Artist Vitus Shell wanted to use portraits of common people — not the wealthy or powerful who are typically the subject of portraits — to explore “‘Bout it ‘Bout it, The Political Power of Just Being."

So he recruited models from Lafayette, painted their portraits on paper, and then composed them with collages of newspaper articles and advertisements that were bigoted or misunderstood the African-American experience, according to The Advocate.

The resulting 17 portraits and one mural are on exhibit at the Paul and Lulu Hilliard University Art Museum through May 2.

"The aspirational, thoughtful body language, rendered with verisimilitude by Shell, stands in stark contrast to the flat, colorless, and stereotype-ridden caricatures of black bodies found in the largely historical sources he uses for his backgrounds," according to the museum website.

The goal, then, is to show that the subjects are not defined by those limited, largely historical newspaper and magazine depictions. Rather, they are true participants in past and present struggles as they pursue and define the American Dream on their own terms.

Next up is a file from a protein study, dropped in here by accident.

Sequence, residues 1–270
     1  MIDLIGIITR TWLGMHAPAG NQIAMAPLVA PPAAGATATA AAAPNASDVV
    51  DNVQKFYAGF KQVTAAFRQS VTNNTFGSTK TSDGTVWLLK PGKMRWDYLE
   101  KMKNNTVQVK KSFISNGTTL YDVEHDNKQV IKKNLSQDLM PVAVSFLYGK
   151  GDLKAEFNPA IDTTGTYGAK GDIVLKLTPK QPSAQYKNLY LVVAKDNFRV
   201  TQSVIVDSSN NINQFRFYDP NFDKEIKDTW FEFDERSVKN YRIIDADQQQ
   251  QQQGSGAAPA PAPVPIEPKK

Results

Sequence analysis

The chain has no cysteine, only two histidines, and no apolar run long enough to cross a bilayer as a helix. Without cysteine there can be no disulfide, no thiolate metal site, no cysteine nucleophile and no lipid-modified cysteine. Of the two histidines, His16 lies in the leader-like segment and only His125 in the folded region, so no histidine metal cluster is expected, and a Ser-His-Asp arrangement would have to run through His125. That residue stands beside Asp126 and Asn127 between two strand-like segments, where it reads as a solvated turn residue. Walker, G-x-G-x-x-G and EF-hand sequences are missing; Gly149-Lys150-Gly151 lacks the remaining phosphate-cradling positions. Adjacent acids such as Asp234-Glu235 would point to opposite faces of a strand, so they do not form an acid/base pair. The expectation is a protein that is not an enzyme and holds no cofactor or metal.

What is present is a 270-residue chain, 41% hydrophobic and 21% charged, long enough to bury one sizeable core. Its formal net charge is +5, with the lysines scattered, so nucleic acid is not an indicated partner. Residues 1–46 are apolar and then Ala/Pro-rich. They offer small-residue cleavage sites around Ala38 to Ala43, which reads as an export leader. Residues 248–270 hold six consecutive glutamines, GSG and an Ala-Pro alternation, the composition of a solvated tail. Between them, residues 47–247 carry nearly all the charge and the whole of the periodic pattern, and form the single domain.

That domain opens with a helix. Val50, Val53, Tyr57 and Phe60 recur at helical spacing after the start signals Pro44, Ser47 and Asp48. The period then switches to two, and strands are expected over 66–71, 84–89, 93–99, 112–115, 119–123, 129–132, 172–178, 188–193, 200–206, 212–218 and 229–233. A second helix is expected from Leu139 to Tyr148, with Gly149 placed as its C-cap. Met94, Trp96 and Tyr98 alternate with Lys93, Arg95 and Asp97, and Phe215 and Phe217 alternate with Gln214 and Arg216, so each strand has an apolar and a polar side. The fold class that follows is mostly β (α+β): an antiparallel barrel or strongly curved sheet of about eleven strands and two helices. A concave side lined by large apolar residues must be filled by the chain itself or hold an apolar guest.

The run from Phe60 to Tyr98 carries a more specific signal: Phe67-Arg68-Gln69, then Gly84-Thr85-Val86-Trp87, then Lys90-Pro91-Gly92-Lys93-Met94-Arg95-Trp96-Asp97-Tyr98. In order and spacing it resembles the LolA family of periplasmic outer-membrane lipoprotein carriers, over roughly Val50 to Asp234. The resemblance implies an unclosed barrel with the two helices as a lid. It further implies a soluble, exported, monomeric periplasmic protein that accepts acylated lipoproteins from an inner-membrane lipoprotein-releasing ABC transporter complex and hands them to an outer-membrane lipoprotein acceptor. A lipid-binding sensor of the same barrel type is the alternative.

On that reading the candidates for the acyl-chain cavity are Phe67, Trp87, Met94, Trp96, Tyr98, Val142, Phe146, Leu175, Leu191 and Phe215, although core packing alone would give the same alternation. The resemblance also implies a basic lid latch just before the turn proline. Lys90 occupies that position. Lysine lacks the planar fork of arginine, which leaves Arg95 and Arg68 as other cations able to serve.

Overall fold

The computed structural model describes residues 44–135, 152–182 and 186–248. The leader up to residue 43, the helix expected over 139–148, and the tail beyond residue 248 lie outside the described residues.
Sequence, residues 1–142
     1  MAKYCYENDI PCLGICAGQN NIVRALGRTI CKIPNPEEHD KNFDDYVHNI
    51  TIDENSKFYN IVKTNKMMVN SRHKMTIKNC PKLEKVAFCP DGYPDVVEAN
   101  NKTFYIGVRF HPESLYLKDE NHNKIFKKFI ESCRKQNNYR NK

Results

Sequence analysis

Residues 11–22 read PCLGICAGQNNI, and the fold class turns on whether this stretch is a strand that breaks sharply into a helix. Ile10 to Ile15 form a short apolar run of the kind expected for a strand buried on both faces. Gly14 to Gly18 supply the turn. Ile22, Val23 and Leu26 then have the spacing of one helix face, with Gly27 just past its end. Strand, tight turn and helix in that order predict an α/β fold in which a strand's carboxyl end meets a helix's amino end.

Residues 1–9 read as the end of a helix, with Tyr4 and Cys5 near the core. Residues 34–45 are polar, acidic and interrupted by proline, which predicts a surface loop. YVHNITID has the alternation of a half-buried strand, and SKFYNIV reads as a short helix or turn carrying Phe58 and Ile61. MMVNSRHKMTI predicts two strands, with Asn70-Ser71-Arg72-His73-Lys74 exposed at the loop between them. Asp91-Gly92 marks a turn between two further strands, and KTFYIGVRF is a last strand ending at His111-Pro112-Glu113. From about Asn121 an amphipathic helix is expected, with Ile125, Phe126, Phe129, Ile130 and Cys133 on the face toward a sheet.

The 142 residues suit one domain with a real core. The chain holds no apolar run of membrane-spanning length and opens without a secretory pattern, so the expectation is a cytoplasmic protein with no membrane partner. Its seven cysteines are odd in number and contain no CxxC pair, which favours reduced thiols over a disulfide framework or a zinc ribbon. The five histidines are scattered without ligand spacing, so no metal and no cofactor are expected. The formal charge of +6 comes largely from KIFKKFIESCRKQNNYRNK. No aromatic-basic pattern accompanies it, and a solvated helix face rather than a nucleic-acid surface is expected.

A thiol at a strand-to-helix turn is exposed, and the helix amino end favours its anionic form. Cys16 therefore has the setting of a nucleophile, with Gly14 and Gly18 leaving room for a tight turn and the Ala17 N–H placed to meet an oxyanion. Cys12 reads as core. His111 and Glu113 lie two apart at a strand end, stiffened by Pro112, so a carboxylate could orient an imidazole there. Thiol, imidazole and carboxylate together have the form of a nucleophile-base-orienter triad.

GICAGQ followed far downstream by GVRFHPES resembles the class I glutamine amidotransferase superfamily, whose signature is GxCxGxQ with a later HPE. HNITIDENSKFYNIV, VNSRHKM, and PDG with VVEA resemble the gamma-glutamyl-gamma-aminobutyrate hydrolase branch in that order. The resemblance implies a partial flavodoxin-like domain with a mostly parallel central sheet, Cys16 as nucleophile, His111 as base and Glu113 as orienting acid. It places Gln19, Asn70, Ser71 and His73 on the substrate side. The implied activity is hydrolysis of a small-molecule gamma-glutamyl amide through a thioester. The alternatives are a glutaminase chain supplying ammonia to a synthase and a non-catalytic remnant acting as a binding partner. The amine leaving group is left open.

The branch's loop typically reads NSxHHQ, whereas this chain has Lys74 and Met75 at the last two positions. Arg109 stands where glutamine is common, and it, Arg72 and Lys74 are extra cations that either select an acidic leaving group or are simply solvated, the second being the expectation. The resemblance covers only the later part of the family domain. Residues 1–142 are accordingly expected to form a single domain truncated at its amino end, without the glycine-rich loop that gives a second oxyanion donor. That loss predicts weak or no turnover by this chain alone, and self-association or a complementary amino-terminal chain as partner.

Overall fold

Shell explained the origins a little more plainly in The Advocate:

“Frustration, pride, a slew of feelings,” he said. “The idea of being black at Starbucks and the police are called. Barbecuing and the police are called. How the black body just can’t be hanging out. Even black people policing each other, as in mothers telling sons not to dress or behave a certain way. Policing that happens to black folks inside and outside the community.”

If you tour the exhibit, watch out for “Not New to This, Tru to This;" it's one of the artist's favorites. Click here for more information about the exhibit and planning a trip to the museum.

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